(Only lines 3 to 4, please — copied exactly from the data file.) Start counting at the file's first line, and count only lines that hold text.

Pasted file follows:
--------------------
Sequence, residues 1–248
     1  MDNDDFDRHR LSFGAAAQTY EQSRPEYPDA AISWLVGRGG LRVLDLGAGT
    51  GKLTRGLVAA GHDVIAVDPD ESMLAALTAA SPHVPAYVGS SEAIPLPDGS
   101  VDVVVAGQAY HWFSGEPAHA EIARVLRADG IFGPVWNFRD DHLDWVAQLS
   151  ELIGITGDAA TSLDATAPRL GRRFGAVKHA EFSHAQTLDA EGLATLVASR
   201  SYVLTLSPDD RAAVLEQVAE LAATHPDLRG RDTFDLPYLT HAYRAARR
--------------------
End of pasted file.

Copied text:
    51  GKLTRGLVAA GHDVIAVDPD ESMLAALTAA SPHVPAYVGS SEAIPLPDGS
   101  VDVVVAGQAY HWFSGEPAHA EIARVLRADG IFGPVWNFRD DHLDWVAQLS